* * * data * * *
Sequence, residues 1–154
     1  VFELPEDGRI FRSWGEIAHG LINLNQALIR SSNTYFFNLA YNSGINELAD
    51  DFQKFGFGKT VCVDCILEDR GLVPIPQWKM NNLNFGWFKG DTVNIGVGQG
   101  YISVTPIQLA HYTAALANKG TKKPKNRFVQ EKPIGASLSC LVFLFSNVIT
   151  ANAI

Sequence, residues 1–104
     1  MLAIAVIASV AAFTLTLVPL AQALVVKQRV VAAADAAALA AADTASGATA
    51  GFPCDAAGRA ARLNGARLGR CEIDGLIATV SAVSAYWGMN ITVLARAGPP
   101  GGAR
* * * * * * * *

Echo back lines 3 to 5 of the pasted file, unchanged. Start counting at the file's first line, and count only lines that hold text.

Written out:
    51  DFQKFGFGKT VCVDCILEDR GLVPIPQWKM NNLNFGWFKG DTVNIGVGQG
   101  YISVTPIQLA HYTAALANKG TKKPKNRFVQ EKPIGASLSC LVFLFSNVIT
   151  ANAI